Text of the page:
You’ve got the brief, what now?
As an illustrator, it’s wonderful to get a new manuscript or brief because now the fun starts. You have to create a little world that will be opened up and pawed over. Hopefully over and over again. The characters need to be engaging and captivating so your little reader wants to follow along with them through their story. So, there are a few decisions to make. The style, medium, settings and colour palette.
So where do you start?
I like to start by scribbling down the first ideas I have for the central character. 90% of the time in picture books the central character is introduced on the first page, and possibly features on almost every page from then on. There may be two central characters or a sidekick. The important thing is that you ‘get to know’ your characters. Here’s an example of a character evolved through costume change, colour change and adding textures.
Little girls feature heavily in most of the books I’ve illustrated. It’s easy to find ideas for visual elements, but the text tells you what the character will be doing so that’s a good starting point. In ‘Eva’s Imagination’ she was going on an adventure with her little dog. So I wanted her style to be quite ‘everyday’ and practical.
In ‘The Flying Optometrist’ the setting is an outback town. It’s hot and dusty and Emily needs to wear a hat and glasses. So the hairstyle needed to be straight. In ‘Twelve Days of Christmas’ I knew there would be a lot of other children featured throughout the book, so the little girl had to stand out and look like she was festive or going to a party. From my books, my favourite character is Jemima in ‘You’re Different Jemima’. The story has a school setting but I knew Jemima had to look a bit wild and out of place. That was how I felt most days at school so I went with wild curly hair.
It’s delightful when the character has a costume device that fits the story. In ‘Box of Tricks’ Katie Cleminson gives the central character a cape and wand and her whole world becomes magical.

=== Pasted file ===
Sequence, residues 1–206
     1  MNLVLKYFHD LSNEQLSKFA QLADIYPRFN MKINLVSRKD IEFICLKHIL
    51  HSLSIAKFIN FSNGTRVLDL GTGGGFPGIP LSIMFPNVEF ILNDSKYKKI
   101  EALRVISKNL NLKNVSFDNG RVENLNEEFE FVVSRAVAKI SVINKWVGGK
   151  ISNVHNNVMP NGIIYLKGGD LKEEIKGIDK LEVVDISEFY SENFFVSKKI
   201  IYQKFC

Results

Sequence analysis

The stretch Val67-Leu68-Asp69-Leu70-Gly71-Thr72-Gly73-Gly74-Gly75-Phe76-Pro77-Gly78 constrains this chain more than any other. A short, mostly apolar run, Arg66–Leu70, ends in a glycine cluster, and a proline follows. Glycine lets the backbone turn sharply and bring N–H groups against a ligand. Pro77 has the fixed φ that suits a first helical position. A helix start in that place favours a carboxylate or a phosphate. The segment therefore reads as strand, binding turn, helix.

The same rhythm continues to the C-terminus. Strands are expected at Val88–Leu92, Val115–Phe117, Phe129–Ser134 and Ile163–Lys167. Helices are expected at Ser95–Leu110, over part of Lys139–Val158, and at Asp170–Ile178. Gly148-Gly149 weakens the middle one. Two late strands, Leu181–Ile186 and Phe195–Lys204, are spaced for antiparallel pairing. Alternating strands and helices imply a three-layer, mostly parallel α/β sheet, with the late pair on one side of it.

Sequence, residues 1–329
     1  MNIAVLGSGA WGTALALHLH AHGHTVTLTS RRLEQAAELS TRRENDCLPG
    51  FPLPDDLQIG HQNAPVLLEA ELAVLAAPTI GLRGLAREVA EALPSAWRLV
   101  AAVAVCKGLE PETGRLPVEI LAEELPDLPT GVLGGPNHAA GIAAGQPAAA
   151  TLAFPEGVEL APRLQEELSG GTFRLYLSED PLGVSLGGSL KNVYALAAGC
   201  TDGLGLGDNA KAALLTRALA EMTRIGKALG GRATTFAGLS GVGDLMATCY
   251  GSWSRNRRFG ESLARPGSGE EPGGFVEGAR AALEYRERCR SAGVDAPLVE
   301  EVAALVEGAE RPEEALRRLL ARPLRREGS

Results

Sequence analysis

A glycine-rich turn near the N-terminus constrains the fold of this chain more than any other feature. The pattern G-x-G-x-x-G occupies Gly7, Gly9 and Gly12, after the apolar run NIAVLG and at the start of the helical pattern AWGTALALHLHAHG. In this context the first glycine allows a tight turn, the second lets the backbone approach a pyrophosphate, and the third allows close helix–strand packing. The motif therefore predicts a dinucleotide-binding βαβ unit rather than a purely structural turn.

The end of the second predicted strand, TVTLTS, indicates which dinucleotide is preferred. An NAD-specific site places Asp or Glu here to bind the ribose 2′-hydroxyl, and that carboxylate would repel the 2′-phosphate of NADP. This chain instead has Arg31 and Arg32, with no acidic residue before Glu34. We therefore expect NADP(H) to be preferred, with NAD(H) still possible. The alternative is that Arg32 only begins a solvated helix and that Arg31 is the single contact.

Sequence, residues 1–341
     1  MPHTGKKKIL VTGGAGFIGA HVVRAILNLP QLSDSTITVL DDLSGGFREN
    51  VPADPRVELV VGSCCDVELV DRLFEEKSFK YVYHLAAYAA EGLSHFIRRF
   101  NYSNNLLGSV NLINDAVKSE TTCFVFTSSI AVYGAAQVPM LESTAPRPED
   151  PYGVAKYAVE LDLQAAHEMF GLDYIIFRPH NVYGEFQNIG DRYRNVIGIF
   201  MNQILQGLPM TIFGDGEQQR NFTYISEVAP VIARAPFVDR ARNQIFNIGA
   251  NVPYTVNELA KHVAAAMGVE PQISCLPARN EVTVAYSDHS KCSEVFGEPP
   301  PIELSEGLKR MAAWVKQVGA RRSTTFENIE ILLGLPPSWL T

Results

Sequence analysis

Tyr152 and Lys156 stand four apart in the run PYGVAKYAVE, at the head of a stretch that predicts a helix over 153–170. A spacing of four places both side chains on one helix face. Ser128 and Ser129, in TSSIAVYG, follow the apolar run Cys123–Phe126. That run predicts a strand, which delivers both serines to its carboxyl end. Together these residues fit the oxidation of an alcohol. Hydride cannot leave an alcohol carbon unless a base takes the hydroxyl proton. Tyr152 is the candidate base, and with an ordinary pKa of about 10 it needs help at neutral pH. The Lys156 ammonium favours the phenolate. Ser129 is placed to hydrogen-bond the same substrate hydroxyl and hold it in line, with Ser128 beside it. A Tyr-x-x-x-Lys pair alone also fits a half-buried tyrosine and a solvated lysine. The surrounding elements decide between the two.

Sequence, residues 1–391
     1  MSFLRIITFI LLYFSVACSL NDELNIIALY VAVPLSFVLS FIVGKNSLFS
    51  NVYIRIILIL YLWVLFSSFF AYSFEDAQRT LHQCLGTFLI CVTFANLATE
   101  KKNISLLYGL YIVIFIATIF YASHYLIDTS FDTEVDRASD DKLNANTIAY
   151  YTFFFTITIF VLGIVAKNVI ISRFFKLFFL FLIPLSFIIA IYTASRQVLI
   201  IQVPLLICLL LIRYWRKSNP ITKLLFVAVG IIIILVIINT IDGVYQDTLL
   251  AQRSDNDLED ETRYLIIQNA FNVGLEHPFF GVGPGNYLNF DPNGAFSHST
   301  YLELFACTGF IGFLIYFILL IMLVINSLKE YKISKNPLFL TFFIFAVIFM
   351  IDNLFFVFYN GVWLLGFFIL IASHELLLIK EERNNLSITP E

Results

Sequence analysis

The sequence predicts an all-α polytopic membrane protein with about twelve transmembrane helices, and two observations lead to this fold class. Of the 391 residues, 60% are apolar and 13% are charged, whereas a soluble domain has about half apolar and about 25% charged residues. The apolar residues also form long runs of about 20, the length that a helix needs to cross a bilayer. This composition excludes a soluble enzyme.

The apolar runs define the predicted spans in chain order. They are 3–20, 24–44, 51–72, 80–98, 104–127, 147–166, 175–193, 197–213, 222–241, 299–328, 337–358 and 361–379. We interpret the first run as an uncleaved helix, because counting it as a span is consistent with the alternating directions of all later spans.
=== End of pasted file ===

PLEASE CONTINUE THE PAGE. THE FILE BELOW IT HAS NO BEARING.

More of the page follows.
In ‘Emily Loves to Bounce’ by Stephen Michael King, the central character’s outfit is frankly bonkers, which fits perfectly with the mad energy of the book.
Costume devices help to highlight character features and story elements. The book I’m working on next has a sewing theme, so I’m looking forward to including some fun costume devices for the characters. These are not necessarily part of the story but they give the character some extra cute appeal. Here are a couple of my favourites from other illustrators.
‘Lulu and the Flying Babies’ is an old book. I noticed that my copy has my old name inside it and I’ve been married for 22 years! I love the English Winter scenes, but what I love most is Lulu’s gloves on a string through the arms of her puffy red coat.
In ‘Grannysaurus Rex’ illustrated by David Cornish the little boy character is in costume and never shows his face. It adds brilliantly to the ‘imaginative worlds’ theme of the book.
So, what next?
Creating the central character is a great way to get the ball rolling. Next, you need to consider the world they inhabit. Once you’ve spent some time getting to know them through scribbling their features and costume you can move on to thinking about the concept of the book and the settings. That is another task entirely. But you’ve already started.